A decision by Toronto’s city manager would permit city funding for the Toronto Pride Parade regardless of the participation of Queers Against Israeli Apartheid.
The city manager’s report was in response to a motion put forward last year by the City Council to determine whether city funding for the parade should be withdrawn in 2011 because of Queers Against Israeli Apartheid’s participation, which some say violates the city’s anti-discrimination policy.
The report found that the group’s participation does not violate the policy. The city’s executive committee is scheduled to consider the report next week, on the second day of Passover.
Pride Toronto received $123,807 from the city last year. Toronto Mayor Rob Ford has said he will withhold city funding from the parade if the controversial group marches.
The Canadian Jewish Congress disagreed with the city manager’s conclusion.
“The comparison paints anyone who supports the Jewish State of Israel, namely Jews, as supporters of racist regimes, and thus as racists themselves,” CJC CEO Bernie Farber said. “Using the Criminal Code of Canada and the Ontario Human Rights Code as the basis for this decision is employing too narrow a standard.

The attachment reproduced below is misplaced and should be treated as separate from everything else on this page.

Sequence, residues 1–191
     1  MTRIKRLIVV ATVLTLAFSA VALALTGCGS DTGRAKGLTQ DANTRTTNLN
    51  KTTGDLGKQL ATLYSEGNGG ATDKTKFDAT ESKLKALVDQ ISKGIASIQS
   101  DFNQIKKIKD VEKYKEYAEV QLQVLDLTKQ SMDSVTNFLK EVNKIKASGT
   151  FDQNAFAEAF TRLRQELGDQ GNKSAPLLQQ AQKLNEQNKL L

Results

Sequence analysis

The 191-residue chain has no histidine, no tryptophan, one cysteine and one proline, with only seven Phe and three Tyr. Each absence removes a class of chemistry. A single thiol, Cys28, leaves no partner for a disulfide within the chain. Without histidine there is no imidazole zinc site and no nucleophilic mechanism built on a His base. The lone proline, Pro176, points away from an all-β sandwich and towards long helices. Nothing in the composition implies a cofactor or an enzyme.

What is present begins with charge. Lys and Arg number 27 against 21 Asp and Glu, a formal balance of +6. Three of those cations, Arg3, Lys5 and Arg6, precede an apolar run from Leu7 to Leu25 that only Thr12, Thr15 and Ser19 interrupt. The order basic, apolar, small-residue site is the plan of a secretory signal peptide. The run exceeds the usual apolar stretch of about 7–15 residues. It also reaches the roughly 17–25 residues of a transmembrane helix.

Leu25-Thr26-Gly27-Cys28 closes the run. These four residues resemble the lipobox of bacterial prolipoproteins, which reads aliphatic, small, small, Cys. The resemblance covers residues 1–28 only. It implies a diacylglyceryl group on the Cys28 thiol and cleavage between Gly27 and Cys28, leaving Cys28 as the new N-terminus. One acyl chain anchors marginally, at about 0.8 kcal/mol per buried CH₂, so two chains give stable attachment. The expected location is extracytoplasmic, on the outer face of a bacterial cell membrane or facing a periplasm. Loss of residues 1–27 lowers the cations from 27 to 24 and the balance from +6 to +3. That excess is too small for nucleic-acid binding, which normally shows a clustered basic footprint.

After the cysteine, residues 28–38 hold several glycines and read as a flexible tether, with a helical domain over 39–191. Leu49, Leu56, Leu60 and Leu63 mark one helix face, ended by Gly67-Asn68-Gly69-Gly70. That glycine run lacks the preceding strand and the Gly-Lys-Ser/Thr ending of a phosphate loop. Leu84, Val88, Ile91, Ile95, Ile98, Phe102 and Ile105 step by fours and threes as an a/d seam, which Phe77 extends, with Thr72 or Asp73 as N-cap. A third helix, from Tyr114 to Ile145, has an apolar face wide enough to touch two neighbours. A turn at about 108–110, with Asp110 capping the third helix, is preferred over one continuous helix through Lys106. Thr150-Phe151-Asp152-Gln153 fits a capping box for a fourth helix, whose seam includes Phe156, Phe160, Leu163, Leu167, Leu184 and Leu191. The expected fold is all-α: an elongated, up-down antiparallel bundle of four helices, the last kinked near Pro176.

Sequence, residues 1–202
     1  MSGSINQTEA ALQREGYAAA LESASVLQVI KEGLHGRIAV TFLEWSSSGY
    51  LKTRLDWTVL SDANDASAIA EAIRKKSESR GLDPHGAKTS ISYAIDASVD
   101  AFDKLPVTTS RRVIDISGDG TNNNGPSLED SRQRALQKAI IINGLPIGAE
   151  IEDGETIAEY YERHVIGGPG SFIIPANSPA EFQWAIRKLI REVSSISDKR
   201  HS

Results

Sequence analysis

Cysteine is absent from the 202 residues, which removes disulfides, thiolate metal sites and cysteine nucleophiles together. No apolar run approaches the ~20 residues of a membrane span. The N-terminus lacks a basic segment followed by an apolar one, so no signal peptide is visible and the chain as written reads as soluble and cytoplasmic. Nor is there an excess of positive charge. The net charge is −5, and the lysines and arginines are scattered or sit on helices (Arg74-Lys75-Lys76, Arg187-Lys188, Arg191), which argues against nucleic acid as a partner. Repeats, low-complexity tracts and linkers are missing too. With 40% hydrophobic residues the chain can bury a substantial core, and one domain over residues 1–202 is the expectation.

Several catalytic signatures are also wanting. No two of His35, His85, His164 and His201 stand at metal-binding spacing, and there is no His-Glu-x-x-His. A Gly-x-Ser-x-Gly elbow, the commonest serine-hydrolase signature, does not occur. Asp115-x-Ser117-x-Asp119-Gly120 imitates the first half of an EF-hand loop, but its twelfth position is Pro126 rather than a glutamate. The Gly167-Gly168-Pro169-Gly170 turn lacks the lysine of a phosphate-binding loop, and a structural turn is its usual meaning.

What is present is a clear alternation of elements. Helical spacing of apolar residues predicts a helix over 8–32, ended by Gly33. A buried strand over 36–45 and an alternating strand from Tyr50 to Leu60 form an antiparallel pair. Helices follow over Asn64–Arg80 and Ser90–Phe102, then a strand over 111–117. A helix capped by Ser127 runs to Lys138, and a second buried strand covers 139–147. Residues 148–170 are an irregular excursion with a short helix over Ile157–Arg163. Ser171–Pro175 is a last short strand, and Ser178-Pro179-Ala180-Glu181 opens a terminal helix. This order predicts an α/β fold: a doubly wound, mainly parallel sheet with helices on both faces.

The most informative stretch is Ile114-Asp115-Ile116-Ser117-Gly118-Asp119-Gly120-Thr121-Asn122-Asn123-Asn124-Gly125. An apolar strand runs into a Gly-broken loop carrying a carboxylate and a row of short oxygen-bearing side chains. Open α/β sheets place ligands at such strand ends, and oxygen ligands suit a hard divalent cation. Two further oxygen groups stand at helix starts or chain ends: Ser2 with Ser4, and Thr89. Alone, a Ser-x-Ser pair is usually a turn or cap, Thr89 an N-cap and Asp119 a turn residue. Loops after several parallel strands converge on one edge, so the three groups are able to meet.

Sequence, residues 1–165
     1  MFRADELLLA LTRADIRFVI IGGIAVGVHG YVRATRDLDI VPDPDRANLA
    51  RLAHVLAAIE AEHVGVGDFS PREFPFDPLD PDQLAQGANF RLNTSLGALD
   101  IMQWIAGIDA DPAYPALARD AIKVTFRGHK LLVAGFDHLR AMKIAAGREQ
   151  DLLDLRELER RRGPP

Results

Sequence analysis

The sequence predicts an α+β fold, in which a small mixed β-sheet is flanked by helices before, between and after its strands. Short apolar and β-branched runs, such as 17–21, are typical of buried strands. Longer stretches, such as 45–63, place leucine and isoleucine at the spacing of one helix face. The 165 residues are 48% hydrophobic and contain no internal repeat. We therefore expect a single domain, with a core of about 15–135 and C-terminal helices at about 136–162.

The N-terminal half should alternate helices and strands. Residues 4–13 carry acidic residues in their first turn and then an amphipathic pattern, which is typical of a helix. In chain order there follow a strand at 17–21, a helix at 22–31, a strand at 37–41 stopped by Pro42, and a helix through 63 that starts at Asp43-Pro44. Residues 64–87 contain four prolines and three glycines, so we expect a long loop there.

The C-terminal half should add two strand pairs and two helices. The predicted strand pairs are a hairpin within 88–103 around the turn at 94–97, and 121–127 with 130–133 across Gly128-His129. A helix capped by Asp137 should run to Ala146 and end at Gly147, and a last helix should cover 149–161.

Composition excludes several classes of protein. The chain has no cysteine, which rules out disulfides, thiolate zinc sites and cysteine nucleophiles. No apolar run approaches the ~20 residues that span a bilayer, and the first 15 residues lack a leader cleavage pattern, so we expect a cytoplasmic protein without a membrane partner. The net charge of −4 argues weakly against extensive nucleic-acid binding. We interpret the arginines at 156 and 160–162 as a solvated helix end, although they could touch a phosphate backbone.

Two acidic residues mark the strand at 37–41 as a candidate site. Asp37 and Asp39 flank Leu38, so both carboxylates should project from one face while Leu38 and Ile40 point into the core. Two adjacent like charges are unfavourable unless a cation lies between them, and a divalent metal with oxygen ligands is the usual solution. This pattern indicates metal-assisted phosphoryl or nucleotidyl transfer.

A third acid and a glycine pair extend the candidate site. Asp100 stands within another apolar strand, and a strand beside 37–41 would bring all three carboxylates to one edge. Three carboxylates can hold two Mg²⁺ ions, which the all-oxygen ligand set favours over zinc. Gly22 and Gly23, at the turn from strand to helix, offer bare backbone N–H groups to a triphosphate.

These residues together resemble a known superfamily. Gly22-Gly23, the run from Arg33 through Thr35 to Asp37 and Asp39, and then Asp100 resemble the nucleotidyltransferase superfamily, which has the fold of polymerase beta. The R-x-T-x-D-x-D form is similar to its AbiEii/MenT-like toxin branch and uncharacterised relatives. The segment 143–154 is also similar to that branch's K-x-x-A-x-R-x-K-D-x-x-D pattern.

“The very definition of discrimination is when you treat one group of people differently from another based on their ethnicity, religion or country of origin. QuAIA are attempting to do just that.”
CJC’s Ontario Region director, Len Rudner, said that “Pride Toronto has created a dispute resolution process, on the recommendation of the Community Advisory Panel, which is precisely the tool through which decisions about QuAIA’s participation in the parade should be made. We believe Pride Toronto has its own values and standards regarding this hateful comparison.
“We hope this dispute resolution process will clarify and uphold those values, and that Pride Toronto will not abandon its core values, which include honoring the past, protecting the future, valuing diversity and respect.”
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